Wesley Lynch

CEO/Founder at Snappify/Realmdigital
Location:Cape Town, South Africa


Wesley Lynch is a serial technology entrepreneur. He is the CEO and Founder of Realmdigital, a leading South African e-business strategy and technology partner, specialising in Web, Social and Mobile platforms as well as the CEO of Snapplify, an innovative digital publishing solutions provider. Contact details: website www.snapplify.com www.realmdigital.co.za | Twitter @WesleyLynch
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Why Kindle is not the answer

Even though the story of e-books, for the most part, is the story of Amazon's Kindle - which overcame the increasingly high cost of print book production and distribution by digitising the value chain - it is not, for various reasons, the answer in an academic context.

By Wesley Lynch 7 Jun 2013

Retailers expand online reach

According to a 2012 report by technology research company, World Wide Worx, e-commerce growth is accelerating in South Africa. The study predicts that the Internet economy will increase its contribution to the overall economy from 2% in 2011 (R59-billion), to as much as 2.5% by 2016.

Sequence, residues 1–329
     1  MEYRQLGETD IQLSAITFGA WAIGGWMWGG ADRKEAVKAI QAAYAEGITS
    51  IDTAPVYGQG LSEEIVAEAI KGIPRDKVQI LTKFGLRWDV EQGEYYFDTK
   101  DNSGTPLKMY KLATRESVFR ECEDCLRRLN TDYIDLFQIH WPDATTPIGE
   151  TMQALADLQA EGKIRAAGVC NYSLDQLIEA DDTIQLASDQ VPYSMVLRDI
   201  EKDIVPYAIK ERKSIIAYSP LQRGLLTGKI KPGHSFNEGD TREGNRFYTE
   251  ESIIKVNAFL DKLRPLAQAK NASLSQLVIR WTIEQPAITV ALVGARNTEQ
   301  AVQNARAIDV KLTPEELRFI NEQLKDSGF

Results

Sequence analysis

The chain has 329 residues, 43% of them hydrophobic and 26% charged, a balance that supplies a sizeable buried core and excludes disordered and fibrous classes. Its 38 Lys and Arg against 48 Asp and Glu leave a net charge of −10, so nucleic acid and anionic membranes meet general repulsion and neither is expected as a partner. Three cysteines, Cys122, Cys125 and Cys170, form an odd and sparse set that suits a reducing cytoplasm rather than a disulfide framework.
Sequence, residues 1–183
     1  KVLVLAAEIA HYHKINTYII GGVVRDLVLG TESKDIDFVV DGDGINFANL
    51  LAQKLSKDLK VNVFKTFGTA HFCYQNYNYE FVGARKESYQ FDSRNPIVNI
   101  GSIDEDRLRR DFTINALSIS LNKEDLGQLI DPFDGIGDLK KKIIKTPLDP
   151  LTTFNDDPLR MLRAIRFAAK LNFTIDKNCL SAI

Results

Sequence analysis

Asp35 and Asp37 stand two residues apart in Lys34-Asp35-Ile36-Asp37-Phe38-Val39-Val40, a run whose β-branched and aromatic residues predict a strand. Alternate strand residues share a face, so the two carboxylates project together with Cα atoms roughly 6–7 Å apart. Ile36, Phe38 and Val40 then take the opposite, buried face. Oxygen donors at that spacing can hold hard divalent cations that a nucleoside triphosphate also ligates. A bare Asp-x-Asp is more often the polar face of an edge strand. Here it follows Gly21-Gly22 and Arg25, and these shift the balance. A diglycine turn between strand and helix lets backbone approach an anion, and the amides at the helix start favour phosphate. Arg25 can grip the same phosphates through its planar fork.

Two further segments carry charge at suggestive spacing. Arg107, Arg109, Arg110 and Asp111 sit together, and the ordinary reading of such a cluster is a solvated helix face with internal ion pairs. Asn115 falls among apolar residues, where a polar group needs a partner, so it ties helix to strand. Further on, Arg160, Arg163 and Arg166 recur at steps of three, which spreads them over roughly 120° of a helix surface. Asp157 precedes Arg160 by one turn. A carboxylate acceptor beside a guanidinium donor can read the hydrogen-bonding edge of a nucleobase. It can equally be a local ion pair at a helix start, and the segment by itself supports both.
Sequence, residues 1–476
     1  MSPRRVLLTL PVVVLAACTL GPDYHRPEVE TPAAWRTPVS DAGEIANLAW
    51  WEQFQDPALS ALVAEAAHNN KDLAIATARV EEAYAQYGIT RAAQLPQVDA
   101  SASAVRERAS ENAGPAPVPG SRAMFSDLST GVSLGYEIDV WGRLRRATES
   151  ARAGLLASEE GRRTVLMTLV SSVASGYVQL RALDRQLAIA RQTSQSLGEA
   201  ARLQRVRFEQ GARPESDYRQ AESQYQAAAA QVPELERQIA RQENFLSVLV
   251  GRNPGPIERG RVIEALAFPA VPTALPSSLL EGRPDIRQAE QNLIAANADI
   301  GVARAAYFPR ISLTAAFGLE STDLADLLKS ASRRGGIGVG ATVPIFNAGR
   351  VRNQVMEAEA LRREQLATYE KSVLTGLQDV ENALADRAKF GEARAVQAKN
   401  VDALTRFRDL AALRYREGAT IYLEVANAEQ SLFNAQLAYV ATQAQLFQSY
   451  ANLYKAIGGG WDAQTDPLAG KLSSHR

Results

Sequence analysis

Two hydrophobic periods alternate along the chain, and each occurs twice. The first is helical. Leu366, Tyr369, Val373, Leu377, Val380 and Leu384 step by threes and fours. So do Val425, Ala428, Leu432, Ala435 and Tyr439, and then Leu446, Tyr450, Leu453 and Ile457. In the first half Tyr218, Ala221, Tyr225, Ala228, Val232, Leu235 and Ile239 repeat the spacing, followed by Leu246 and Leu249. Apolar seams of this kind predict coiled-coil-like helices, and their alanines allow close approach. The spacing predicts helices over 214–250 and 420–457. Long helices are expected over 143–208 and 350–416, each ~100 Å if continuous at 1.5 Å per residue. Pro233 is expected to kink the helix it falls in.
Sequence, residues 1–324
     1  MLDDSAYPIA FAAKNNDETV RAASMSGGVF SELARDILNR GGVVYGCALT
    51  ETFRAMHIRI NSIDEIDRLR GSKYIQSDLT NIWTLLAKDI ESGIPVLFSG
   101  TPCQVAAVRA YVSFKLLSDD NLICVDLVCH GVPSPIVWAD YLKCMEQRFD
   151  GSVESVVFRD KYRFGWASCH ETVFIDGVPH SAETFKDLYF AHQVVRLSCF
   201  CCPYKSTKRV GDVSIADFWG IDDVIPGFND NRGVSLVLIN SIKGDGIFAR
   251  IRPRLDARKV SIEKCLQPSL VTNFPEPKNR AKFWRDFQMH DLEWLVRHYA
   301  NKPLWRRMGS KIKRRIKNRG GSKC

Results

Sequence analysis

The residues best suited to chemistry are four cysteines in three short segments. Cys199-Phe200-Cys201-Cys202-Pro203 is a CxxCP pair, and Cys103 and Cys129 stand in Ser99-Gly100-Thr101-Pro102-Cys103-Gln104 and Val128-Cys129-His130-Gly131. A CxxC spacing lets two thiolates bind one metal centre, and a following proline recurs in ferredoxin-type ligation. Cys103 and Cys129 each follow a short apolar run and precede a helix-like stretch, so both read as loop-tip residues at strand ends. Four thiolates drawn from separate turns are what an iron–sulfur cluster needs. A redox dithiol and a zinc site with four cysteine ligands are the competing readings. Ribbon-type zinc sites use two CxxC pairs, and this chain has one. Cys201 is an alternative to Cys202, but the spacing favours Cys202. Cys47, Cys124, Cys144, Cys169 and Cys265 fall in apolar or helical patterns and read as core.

By Wesley Lynch 29 May 2013

Digital apps to restore love for comics

The graphic novel was at its most popular in the late 60s to 70s but saw a steady decline in mainstream audiences thereafter as other modes of media and entertainment took over.

By Wesley Lynch 16 Mar 2013

The world needs African solutions

African software has had some qualified global successes, but more often than not our home-grown innovations don't 'take' well in other territories. To overcome this, we need to think wider. While African solutions are often preferred in dealing with African problems, our software developers must also identify global applications for their solutions, if they are to have global success.

By Wesley Lynch 14 Jan 2013

E-zines and digital dailies: Could apps save the publishing industry?

The most recent ABC figures have painted a picture of decline for newspapers, including a 6.7% drop in circulation figures for dailies and 4,9% for weekend papers. Although magazines are holding strong, they are becoming luxury items, able to compete because they are by nature more niched than newspapers.

By Wesley Lynch 17 Sep 2012

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